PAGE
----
I looked at the map at the center of the memorial where the length of the ship was marked. From buoy to buoy marks the entirety of the ship but it fails to really show the depth. It was hard for me to picture this massive vessel losing its strength and power upon attack. As we left Pearl Harbor, I think everyone was wondering what it might have been like to be in there on December 7, 1941.
Aloha! Hawaii is known for its immeasurable natural beauty, but what makes this place amazing is the variety of people from all walks of life. The chain of islands draws people from all around the world because of its awesome climates, huge waves, and rich culture. Since being in the State I have encountered Europeans, Canadians, American mainlanders, South Americans and of course the Native Hawaiians. The main influence on Hawaiian culture is various Asian countries such as Thailand, China, Korea, and Japan. Everywhere I go I see plenty of restaurants serving the cuisines of these countries. Another factor that determines Hawaiian culture is the plants that have been introduced to the area. There are many fruits and other plants that are indicative of the culture such as pineapple, guava, passion fruit, dragon fruit, and especially taro. The taro plant grows an edible root that after being processed is known as poi which became a staple of the Native Hawaiians. The group had the opportunity to try poi, however due to the bland and starchy nature of the food it was not a crowd favourite. Although we didn’t enjoy eating poi, it became a symbol for traditional Hawaiian culture. We learned about the ahupua’a style of farming, in which taro plants were vital in sustaining the population. As the state of Hawaii moves forward into planning for the future, it must do so in a way that culture is preserved so that generations to come will appreciate their rich history.
So far we have swam at various different beaches on the Big Island and Maui.
The first beach on the Big Island was Robinson Park. We went with a Hawaiian family, the Kos. They helped us climb through the rocks to a cliff where we could jump off into the water. Climbing the volcanic rocks was a bit difficult (at least for me); most of us left this beach with a few scratches from the climb. The beach had small waves and black sand. Lauren and I tried to swim as far as we could, until a paddle boarder told us we had gone too far and needed to turn around. We were thankful the paddle boarder had warned us, because we were quite exhausted on the swim back. A few others either laid out or snorkeled. We all wore water shoes, so we didn’t have any sea urchin problems at this beach.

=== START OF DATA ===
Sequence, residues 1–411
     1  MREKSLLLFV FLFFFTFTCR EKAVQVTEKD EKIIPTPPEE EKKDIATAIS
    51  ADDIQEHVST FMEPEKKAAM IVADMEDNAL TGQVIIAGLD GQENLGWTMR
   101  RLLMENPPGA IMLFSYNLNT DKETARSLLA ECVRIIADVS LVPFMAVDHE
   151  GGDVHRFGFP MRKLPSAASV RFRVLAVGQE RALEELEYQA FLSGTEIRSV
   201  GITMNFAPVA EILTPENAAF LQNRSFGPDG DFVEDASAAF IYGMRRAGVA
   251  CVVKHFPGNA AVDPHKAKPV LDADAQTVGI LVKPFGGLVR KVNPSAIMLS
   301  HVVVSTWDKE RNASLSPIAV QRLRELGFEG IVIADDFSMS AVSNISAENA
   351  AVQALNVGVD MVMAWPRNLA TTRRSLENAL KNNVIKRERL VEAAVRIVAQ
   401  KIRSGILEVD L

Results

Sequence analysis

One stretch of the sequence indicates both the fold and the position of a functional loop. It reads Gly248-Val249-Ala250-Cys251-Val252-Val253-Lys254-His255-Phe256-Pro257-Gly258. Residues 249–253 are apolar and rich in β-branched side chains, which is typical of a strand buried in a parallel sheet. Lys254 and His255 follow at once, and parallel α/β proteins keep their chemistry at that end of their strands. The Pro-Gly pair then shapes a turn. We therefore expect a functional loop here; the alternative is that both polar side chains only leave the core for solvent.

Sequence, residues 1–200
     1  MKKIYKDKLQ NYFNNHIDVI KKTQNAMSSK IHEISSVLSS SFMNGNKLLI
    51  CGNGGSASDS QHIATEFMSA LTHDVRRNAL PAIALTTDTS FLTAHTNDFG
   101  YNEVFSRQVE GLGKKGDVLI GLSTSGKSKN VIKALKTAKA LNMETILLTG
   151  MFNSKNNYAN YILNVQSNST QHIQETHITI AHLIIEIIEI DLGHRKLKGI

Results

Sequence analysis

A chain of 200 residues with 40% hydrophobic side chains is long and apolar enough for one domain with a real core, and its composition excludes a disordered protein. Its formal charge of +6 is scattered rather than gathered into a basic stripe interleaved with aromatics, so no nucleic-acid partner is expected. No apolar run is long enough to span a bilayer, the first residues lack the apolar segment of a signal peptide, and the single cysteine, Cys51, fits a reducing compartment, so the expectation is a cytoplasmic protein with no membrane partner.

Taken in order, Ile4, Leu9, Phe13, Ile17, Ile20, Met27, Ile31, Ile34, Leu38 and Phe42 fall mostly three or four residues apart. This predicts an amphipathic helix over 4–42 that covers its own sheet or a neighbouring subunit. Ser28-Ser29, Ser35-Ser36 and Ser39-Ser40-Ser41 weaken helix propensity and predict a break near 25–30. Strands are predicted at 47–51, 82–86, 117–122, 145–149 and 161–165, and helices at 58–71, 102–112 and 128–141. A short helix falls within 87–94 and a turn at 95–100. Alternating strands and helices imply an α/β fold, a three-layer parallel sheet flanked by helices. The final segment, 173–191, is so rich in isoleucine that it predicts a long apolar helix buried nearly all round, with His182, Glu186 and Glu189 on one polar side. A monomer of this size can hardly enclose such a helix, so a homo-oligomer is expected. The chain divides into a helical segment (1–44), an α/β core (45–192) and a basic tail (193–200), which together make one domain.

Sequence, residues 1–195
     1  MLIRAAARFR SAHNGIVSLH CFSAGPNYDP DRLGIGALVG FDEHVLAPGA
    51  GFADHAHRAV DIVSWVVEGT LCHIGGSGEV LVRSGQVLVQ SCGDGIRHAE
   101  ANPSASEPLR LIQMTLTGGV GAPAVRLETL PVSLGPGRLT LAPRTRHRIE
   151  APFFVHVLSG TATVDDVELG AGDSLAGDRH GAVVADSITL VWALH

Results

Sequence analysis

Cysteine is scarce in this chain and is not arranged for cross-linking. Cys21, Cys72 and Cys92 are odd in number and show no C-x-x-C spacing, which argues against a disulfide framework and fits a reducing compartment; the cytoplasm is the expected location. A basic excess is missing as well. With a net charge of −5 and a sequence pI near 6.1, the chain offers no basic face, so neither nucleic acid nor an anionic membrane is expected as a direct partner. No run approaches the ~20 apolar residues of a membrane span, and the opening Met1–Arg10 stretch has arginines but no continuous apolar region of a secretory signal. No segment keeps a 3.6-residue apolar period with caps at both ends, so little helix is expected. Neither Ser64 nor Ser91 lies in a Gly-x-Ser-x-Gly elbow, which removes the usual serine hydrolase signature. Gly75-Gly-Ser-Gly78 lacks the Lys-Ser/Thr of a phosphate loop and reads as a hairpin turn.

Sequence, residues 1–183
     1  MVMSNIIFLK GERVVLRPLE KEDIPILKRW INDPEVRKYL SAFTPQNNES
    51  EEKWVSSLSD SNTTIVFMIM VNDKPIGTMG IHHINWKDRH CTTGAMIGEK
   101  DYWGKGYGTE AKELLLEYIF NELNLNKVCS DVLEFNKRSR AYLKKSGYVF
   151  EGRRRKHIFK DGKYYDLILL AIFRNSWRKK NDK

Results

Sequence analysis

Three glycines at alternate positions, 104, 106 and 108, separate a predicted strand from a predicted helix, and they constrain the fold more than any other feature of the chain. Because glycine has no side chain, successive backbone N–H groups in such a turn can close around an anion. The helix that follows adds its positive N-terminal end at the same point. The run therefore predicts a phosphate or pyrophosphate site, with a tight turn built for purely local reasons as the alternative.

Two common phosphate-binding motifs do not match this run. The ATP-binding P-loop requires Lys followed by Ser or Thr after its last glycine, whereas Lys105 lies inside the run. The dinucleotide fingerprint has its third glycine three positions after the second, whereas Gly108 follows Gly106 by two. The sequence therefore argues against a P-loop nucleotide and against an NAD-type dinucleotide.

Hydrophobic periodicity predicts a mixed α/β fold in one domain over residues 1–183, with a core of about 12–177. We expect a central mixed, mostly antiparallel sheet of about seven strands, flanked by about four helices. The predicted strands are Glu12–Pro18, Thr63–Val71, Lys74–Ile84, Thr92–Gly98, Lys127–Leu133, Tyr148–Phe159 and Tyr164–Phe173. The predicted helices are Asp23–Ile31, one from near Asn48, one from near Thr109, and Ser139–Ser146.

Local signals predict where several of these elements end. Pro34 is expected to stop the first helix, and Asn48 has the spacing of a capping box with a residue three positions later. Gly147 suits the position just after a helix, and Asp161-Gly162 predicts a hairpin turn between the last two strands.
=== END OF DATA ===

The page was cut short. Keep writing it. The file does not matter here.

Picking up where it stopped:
Not sure what the second beaches’ name was, but it was on the Big Island. The waves were very calm and nobody else was there. Most of the time we laid out, but eventually we got hot enough to go in the water. Unfortunately, most of us didn’t bring our water shoes to this beach, so we were scared of stepping on sea urchins. We tentatively swam out a few yards, while Wes scanned the ocean floor for sea urchins with his goggles on. He ended up seeing sea urchins beneath us and we all rushed out after three minutes of swimming.
Lahina Walkway held a street fest that was right on the beach. After walking down the entire walkway and looking at all of the vendors, Stevie and I went swimming at one of the very small beaches at the end of the walkway. There weren’t any sea urchins or waves and most of the swimmers were children.
This past Monday, January 22, we went to a beach after arriving in Maui. This was a big white sand beach with huge waves. Tasha, Wes, Potluck, and I tried swimming at this beach. Tasha and I had a hard time staying afloat with the undertow and strength of the waves. We weren’t even worried about sea urchins, we were mainly concerned with not drowning. We eventually gave up after being swept underneath the surface for the fifth time. This beach was a good reminder on how strong the ocean is. Wes and Potluck were brave and somehow managed to swim even farther out with stronger waves.
I’ve really enjoyed the various different beaches, I think I’m even used to saltwater now, and I’m glad we haven’t had any problems yet with sharks, sea urchins, or jellyfish.
Our first Sunday on the Big Island we had the opportunity to attend a local church. We attended Mokuaikaua Church. Something interesting behind the meaning of the word Mokuaikaua is that it means “district acquired by war” in the Hawaiian language. This was the first Christian church in Hawaii, founded in 1820 by Asa and Lucy Goodale Thurston. They arrived on the Thaddeus, the first ship of American Christian Missionaries.
Mokuaikaua Church was interesting because the majority of individuals attending were visitors. This made sense because the church was located in a dense tourist location. The church was beautiful in a simple way.
The service was fairly similar to the typical churches located in Grand Rapids. However, some of the Bible verses were first spoken in Hawaiian followed by English. Attending church in Hawaii was a great experience to join in worship with our group, other tourists, and locals.